in Wyoming is sacred to about 20 plains Indian tribes, and during June, spiritual ceremonies are held by this great
rock of basalt that shoots up hundreds of feet in the sky.
It is called Devil's Tower, but Bear Lodge to American Indians. The rock has many streaks and gashes running up
and down along the sides as if a giant had made the scratches with its claws.
There are many stories of how those streaks and gashes got there, but one by John Fire Lame Deer goes like this:
Two young boys were out playing games and with each game they played, they wandered farther and farther from their
village. They investigated noises among the hills that kept drawing them farther away from home. They saw a large
hill and wanted to see what was on the other side.
Seeing a herd of antelope, and being great hunters, they tracked the animals until they got lost. They decided
to head back to their village and took off in the direction they thought was home, but only got farther and farther
away. They went to sleep for the night and awoke the next morning to continue the search for their village. On
the way they drank water from streams and ate berries to nourish themselves.
On the fourth day, they had the feeling they were being followed, and, looking in the distance, they saw a giant
bear coming in their direction. They started running, but the giant bear, being much faster than they were, gained
on them and opened his great mouth to devour them. They could see his enormous teeth and feel his hot breath as
he was about to get a mouthful of them. Since they were old enough to know how to pray, they prayed to Wakan Tanka,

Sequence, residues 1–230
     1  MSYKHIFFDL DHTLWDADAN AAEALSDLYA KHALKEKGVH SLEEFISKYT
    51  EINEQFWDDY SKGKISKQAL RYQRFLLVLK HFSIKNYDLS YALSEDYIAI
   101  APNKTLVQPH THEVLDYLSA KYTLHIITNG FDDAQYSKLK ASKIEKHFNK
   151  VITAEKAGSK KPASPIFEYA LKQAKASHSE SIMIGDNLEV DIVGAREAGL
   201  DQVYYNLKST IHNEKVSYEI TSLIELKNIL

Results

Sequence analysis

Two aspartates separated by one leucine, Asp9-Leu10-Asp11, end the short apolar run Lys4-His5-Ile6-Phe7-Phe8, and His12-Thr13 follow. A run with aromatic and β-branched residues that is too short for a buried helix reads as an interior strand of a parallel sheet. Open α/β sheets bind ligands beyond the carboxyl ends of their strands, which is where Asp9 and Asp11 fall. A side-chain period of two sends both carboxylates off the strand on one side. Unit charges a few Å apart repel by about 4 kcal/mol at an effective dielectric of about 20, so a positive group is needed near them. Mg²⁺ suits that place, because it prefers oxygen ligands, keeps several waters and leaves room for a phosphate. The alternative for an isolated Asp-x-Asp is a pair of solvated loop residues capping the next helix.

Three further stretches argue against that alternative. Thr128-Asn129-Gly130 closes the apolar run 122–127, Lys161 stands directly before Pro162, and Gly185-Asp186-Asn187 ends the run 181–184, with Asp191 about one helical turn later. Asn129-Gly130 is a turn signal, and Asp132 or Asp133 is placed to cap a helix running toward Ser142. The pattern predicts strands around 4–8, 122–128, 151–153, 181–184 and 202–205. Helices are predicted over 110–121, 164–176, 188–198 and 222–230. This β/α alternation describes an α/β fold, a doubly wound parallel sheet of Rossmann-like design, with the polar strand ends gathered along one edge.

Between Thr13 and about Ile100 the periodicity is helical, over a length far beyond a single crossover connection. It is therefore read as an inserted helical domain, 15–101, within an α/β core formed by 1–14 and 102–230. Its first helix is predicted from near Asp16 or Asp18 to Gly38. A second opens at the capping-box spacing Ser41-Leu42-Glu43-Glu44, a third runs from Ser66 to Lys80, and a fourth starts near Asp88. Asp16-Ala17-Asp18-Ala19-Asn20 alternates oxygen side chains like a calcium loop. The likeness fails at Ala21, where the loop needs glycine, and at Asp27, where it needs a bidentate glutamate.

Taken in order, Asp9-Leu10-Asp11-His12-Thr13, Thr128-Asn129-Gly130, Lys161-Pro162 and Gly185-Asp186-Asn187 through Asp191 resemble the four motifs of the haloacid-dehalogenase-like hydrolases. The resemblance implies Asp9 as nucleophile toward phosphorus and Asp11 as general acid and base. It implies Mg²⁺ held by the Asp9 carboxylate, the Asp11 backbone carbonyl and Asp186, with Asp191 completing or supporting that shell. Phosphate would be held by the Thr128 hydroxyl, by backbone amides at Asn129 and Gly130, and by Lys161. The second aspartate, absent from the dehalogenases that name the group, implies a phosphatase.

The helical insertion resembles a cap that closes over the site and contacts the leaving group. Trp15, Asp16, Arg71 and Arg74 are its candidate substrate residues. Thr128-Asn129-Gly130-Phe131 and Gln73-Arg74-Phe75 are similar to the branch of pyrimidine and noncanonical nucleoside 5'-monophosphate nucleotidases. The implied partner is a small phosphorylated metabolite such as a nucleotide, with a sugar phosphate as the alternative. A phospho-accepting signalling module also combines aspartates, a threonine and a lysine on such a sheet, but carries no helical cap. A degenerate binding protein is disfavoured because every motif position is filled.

"Tunkashila, Grandfather, have pity, save us!'' All at once the earth shook and began to rise, the boys rose
with it. They were on a huge rock going up, up, up, in the air until it was a thousand feet high. The bear was
disappointed to miss his meal, but he still tried to climb the rock to get to the boys to eat them. He dug his
giant claws in and tried to climb, but he could not get a good grip to get to the boys. He only made these huge
claw marks in the side of the rock. Finally he grew tired and started walking away. Thus ends the legend.
In 1952, the tower became the country's first national monument. It was a popular tourist stop
for some who were visiting many of the national parks around the Montana-Wyoming-South Dakota area. Many rock climbers
also flocked to the monument, not to visit it, but to climb it because it was an 867-foot rock column that shot
straight into the sky.
But long before the tourists and climbers arrived, northern plains Indians lived and worshipped at Bear Lodge.
Sadly, American Indians during that time had to feign being tourists themselves so that they could get into the
park to pray and perform their ceremonies. Today this rock is used by many rock-climbing groups, but, during June
1995, when the Indians performed their ceremonies, many of the rock climbers refused to quit so that these ceremonies
and praying could be performed. After being asked to refrain from climbing during the month of June, many rock
climbers refused and sued the Park Service, arguing the policy violated the separation between church and state.
Earlier this year, the U.S. Supreme Court let the closure stand.
The reason I tell this is because it is a story that is a testimony to the struggle of American Indians to practice
their religious ceremonies in peace. Although the Indian Religious Freedom Act was enacted in 1978, many Indians
around North America are still having difficulty and are still banned from practicing many of their religious activities.
It has been in the news recently, and I think non-Indians need to know and need to respect the ceremonies of American
Indians. If these rock climbers went to Jerusalem and started to climb the Wailing Wall, that government would
be outraged. But American Indian religion has been disrespected for centuries without recourse.
Read about Mato Tipi and other Sacred Sites:
Native Americans and the Environment-Sacred
Diver is an instructor at Fond du Lac Tribal and Community College and a member of the Fond du Lac Band of Chippewa.